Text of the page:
200548456-003In the summer of 1998, Harper’s Magazine published one of its most talked-about stories, Vince Passaro’s narrative of how his family accumulated $63,000 in credit card debt. He and his wife had academic jobs bringing in a combined $100,000 per year as well as a rent-controlled apartment in New York City, but they also had three children in private school. Passaro attracted opprobrium back then, and the story remains one of the key works of the personal finance confessional genre.

Until Sunday, that is. Edmund Andrews, who covers economics for the New York Times, wrote a story for the magazine about how he dug more than $500,000 into debt because he wanted to buy a nice house for his new blended family, even though much of his $120,000 annual salary was claimed by his ex-wife for alimony and child support. 

I’m the kind of person who clips coupons and rides the Megabus. While printing presses all over this great land were rolling out Edmund Andrews’s tale of woe, I was at the grocery store loading my cart with $0.88 packs of cream cheese and $2.00 boxes of raisin bran. Then I swung past the Junior League’s annual second-hand clothing sale, where I bought some shirts for my husband and me, just $3.00 each, some still with tags on them. I want to smack Passaro and Andrews around, then pack them into my nine-year old-car and show them what a thrift shop looks like. I want to teach them to make their own pizza dough and mend socks and use tie-dying to turn stained school uniform shirts into fun playclothes.

I have a teeny bit of sympathy for people like Passaro and Andrews, because I’m not a pure tightwad. I have a fancy watch, some nice jewelry, and a much-stamped passport. My husband and I have a good combined income; our thrift makes it go further, but it’s more a game than a matter of survival. It would be hard to be 48 years old, making $120,000 per year at a prestige job and living in a little rental apartment. It would be hard to work in academia and send your children to sub-standard schools. But neither is impossible, and both can be made to work.

Franco Modigliani won the Nobel Prize for his work on how savings affect financial markets. He said that people try to keep a set level of consumption over their lifetimes. When people start out, they spend far more money than they make: children have no income and live off their parents; people often borrow money to pay for college or start a business; and new workers need apartments, office clothes, and cars. Eventually, though, people start to make enough money that they make more money than they can spend, so they pay off their accumulated debts and save for the future. Finally, people retire and again spend more than they make, but they spend from their savings. If there is anything left over, it is given to the next generation.

Modigliani developed his life-cycle theory in 1954. Thanks in part of the rising costs of education and an expanded consumer market, many people take a longer time paying off debt than saving for retirement. Life expectancies are so much longer now than in 1954 that it takes a lot more money to save for retirement, and 2008’s stock market debacle didn’t help.

One solution for getting out of debt and accumulating savings could be a longer working career, which is great for people who have jobs that they love, not so good for people who have physically demanding or dreadfully dull jobs. Another, of course, would be to make thrift fashionable. It’s effective, and it can be fun if planned carefully. (What, like packing a picnic and going to see a free movie in the park isn’t fun? Of course it is!) Thrift is contagious: if you have your friends over for a potluck dinner instead of meeting them at a restaurant, everyone saves money. A shopping excursion with a friend can involve a trip to Nordstrom and a manicure at a fancy salon, or it can mean going to the thrift shop and getting the manicure at a utilitarian walk-up where no one speaks English. And, as much as I want people to buy books (seeing as I am a published author and all) , libraries are huge buyers. I won’t complain if you check mine out there.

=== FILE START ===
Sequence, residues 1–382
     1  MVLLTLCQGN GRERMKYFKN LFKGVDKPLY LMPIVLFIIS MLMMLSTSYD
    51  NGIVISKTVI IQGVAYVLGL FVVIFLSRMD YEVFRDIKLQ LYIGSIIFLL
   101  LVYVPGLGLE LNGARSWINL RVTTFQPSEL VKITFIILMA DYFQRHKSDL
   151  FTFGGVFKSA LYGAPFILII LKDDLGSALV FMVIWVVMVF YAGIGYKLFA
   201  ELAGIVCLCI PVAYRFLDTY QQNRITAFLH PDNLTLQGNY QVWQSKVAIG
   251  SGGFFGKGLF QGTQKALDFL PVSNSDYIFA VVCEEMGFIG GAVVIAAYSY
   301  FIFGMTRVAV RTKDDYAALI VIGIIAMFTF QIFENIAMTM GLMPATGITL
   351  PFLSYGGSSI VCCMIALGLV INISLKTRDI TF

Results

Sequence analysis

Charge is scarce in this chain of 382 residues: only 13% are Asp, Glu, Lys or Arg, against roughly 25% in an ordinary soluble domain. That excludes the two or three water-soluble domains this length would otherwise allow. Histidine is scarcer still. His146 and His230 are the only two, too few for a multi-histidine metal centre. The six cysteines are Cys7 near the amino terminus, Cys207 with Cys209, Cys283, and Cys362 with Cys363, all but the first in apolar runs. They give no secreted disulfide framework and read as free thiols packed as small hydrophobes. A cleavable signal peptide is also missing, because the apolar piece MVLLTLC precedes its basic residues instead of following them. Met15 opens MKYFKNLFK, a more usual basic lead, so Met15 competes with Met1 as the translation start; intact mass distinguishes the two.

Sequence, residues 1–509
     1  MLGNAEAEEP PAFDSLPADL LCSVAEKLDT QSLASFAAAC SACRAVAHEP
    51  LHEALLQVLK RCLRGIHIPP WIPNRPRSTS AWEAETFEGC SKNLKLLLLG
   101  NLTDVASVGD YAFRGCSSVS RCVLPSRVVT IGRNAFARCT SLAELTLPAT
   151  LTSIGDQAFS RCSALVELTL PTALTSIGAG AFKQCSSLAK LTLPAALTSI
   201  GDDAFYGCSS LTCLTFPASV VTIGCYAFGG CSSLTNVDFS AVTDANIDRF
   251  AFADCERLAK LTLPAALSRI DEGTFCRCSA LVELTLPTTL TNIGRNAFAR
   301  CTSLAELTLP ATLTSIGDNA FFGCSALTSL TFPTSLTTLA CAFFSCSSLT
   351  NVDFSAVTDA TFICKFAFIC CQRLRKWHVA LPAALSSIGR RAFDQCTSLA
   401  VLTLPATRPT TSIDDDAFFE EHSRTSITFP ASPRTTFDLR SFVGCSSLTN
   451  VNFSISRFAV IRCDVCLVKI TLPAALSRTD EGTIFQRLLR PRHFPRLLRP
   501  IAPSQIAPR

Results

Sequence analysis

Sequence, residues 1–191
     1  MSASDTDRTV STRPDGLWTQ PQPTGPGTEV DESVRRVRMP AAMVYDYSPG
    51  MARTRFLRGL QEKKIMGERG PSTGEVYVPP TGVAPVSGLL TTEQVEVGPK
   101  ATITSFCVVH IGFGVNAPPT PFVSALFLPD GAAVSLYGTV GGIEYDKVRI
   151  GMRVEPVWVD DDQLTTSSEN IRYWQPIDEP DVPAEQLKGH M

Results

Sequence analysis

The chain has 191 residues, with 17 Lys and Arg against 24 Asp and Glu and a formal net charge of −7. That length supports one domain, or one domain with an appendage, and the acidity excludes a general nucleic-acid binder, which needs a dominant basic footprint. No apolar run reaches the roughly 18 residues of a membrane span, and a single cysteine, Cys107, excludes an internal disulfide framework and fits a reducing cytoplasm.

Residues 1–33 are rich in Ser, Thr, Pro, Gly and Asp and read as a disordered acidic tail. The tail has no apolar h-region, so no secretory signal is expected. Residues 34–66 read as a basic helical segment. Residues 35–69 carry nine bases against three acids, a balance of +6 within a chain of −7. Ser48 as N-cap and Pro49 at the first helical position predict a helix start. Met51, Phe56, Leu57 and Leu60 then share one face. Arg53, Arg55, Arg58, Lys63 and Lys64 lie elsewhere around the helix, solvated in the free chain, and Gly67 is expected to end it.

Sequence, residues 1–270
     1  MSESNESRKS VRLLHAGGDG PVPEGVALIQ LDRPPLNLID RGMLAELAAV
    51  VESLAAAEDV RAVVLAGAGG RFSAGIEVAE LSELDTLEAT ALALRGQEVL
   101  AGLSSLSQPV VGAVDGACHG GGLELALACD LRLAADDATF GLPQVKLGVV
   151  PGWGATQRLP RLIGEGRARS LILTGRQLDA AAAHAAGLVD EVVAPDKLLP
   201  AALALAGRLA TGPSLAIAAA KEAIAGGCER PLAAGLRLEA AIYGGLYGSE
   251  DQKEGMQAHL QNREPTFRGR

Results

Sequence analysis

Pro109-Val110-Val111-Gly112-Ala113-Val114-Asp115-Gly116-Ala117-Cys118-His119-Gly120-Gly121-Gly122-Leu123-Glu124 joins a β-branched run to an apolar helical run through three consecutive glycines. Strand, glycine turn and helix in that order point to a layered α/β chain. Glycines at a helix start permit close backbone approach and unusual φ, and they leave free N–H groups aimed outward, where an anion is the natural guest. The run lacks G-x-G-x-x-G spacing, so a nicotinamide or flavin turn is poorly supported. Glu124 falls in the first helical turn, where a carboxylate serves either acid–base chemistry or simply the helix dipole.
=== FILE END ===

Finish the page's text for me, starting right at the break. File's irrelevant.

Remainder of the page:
I expect that Andrews will be skewered in letters to the editor and on discussion boards. There’s nothing good about borrowing far more money than you can afford to repay, even if someone offers it to you. But if we don’t talk about the effects of too much debt and how to avoid it, others will make the same mistakes in the future. I wonder if Andrews had read Passaro’s article back in 1998, or ever watched an episode of The Sopranos.

About the Author

Ann Logue

Ann Logue is a freelance writer and consulting analyst who is fascinated by business and technology. She has a particular interest in regulatory issues and corporate governance. She is the author of "Emerging Markets for Dummies" (Wiley 2011), “Socially Responsible Investing for Dummies” (Wiley 2009), “Day Trading for Dummies” (Wiley 2007), and “Hedge Funds for Dummies” (Wiley 2006), and has written for Barron’s, Institutional Investor, and Newsweek Japan, among other publications. As an editor and ghostwriter, she worked on a book published by the International Monetary Fund and another by a Wall Street currency strategiest. She is a lecturer in finance at the University of Illinois at Chicago. Her current career follows 12 years of experience as an investment analyst. She holds a B.A. from Northwestern University, an M.B.A. from the University of Chicago, and the Chartered Financial Analyst designation. How's that for deathly dull?

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